December Icicles Transform Ozone Falls by Gene Walls

Metal Prints


December Icicles Transform Ozone Falls by 

Sizing Information

X small 18.0" x 12.0"
Small 24.0" x 16.0"
Medium 30.0" x 20.0"
Large 36.0" x 24.0"
X large 40.0" x 26.7"


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This view is from the bottom section of Ozone falls. It can be found about half way up the Glen Leigh gorge in Ricketts Glen State Park, a short distance above the popular R. B. Ricketts waterfall. Large icicles had already formed from every overhang surrounding the waterfalls in late December. As winter progresses, the icicles will eventually become solid walls of ice.

Please click on the picture to reveal the Larger View

The image was captured with a Canon 5D Full Frame camera through a Canon EF 17-40mm f/4L lens, at the longest 40mm focal length. It was shot @ f/13 with a shutter speed of 1/8th of a second. The camera’s ISO was set to 100. The camera was mounted on a Manfrotto tripod, with a Manfrotto 222 Pistol Grip head. A remote shutter release cable was also used. The photo is absolutely “untouched”, straight from the camera without any post processing.

This series of photographs was captured on December 31st, 2012, during an 8 hour winter hike & shoot with photographer Mark Van Scyoc.

Ricketts Glen is located near the small rural village of Red Rock, PA, at the junction of Pennsylvania State Routes 118 and 487. The park is about midway between Williamsport and Wilkes Barre Pennsylvania, in the north eastern region of the USA.

WARNING: Ricketts Glen waterfall trails are extremely dangerous in the winter months! They are closed to the public from late November unit spring. Winter hiking is only permitted if you are a well-equipped hiker with previous icy condition hiking or climbing experience. Each climber must register and sign in before entering the trails and must also sign out after the hike. Crampons, Ice axes and climbing ropes are absolutely required. This is NOT just a “walk in the park”.

Your comments are always welcome! Constructive criticism is appreciated.

© 2013 Gene Walls

All copyright and reproduction rights are retained by the artist. Artwork may not be reproduced or altered by any process without the express written permission of the artist. This includes my image AND THE 100% ORIGINAL TEXT that describes the work. A copyright watermark is embedded within the image to guarantee successful prosecution, in the event of any violation.

FEATURED in “The World As We See It…”

FEATURED in “The Great Outdoors”

FEATURED in “Ricketts Glen State Park”

Hello, My name is Gene. I live in the Susquehanna river valley (West Branch), in the mountains of north central Pennsylvania. I strive to produce photographic images that are simply “true” to the subject, usually with minimal post processing. If something is beautiful or interesting enough to deserve a viewer’s attention, it justifies being captured just as it is …or as close to reality as possible.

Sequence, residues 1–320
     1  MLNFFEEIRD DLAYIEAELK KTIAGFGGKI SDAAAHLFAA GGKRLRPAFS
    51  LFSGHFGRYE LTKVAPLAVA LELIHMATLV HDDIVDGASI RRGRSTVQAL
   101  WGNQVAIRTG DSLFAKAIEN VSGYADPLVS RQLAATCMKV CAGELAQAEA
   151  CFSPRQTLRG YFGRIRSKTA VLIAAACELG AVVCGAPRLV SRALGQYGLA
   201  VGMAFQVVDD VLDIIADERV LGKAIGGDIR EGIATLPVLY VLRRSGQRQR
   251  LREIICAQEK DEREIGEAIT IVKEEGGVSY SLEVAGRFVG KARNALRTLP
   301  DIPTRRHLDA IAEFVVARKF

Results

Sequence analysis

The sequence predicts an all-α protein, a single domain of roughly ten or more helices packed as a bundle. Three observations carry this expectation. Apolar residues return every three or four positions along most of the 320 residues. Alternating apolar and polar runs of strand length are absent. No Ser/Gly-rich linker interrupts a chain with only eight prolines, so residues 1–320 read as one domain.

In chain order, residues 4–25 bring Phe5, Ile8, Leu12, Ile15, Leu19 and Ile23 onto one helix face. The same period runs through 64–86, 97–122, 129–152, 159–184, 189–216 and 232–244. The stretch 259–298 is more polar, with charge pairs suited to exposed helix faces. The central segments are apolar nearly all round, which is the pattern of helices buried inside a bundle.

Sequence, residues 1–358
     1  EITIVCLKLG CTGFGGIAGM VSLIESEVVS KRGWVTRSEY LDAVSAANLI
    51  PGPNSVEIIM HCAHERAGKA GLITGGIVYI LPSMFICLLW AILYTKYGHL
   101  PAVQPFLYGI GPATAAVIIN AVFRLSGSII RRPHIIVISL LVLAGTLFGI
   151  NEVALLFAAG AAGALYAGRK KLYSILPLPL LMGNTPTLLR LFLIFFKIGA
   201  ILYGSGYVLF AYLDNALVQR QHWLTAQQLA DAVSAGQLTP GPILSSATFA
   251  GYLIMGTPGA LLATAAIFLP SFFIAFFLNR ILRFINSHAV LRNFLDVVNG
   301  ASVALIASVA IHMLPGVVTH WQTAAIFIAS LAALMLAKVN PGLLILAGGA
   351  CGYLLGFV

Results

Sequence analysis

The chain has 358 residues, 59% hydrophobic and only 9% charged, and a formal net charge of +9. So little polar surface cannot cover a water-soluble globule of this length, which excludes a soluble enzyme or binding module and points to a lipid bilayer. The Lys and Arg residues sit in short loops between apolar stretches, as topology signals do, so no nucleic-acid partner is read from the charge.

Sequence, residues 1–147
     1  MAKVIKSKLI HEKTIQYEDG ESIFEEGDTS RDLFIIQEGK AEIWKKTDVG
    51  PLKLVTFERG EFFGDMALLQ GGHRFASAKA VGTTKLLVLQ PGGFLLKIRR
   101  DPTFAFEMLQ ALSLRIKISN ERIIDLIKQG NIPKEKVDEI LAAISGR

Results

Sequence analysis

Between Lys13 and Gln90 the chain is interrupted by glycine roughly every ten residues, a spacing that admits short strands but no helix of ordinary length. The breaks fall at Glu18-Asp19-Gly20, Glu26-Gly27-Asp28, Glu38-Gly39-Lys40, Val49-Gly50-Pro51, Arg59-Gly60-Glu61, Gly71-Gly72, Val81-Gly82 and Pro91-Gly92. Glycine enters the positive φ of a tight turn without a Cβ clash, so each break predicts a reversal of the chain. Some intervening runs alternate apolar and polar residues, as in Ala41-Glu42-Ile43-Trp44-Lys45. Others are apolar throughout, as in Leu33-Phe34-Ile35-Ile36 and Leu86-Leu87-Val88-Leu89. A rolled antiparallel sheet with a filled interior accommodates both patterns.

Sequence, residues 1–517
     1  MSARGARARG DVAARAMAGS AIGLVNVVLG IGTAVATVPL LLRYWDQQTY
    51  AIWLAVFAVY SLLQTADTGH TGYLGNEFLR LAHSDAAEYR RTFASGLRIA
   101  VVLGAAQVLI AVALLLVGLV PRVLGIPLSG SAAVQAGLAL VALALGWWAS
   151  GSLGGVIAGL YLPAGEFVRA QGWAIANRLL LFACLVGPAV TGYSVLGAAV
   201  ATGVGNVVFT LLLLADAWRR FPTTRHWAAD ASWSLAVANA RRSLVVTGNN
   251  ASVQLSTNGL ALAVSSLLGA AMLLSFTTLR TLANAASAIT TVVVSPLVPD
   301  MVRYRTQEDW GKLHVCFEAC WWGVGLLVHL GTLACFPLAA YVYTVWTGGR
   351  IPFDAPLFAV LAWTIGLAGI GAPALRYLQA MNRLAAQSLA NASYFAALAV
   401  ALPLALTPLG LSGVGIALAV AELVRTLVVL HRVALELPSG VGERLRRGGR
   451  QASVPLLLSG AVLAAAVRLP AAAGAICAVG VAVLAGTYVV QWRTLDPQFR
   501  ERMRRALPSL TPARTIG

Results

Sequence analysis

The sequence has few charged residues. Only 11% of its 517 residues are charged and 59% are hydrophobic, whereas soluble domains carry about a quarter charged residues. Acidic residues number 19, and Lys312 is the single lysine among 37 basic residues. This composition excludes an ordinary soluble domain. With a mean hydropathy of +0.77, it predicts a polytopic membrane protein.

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  • CarlaSophia
    CarlaSophiaover 2 years ago


  • Much appreciated, Carla! Thanks!

    Kindest regards,


    – Gene Walls

  • CanyonWind
  • It is wonderful to see this photograph Featured in “The World As We See It…”, Pop’s! Thank you so much!

    Most gratefully,


    – Gene Walls

  • Audrey Clarke
    Audrey Clarkeover 2 years ago

  • Thank you very kindly, Audrey!

    Wonderful wishes,


    – Gene Walls

  • TeresaB
    TeresaBover 2 years ago

    January 21, 2013


  • Thank you very, very much for this wonderful honor, Teresa! I’m thrilled to see this shot Featured in “The Great Outdoors”!

    Most gratefully,


    – Gene Walls

  • Aaron Campbell
    Aaron Campbellabout 2 years ago


  • Thank you very, very much for this deeply appreciated honor, Aaron! I am so happy to see this shot Featured in “Ricketts Glen State Park”!

    Most gratefully,


    – Gene Walls

  • Penny Rinker
    Penny Rinkerabout 2 years ago

    Very beautiful Gene. I’m wondering how it is that you can get into Rickets to take photos this time of year? I tried a couple years ago and they said the trails were shut down because of ice.

  • Thanks a lot Penny!

    I personally contacted Pennsylvania DCNR (State Parks Dept) in 2010 and asked what would be required to hike through Ricketts Glen in the winter. They kindly replied with their requirements:

    Each climber / hiker must register and sign-in on a log book in the park maintenance building before getting out on the trails. They must also sign out immediately after completing the hike. Crampons, Ice axes and climbing ropes are absolutely mandatory. You must be able to prove that you have previous ice climbing / hiking experience and know how to properly use the gear.

    A Park Ranger also explained that you could skip the log-in if you leave a large note on your vehicle’s dashboard, with next of kin contact information. The note must tell when you started your hike (date & time), what trails you would be using and what time you expect to be out of the park.

    I can confirm that it is a very dangerous trek and can not be done without good crampons and a proper ice axe. Never attempt it alone. However, with the right equipment, it can be the most fun you will ever have. After two successful winter hikes there, from RT-118 to Lake Jean, It’s well worth the investment in gear and the enormous effort it takes to make it all the way.

    Kindest regards,


    – Gene Walls

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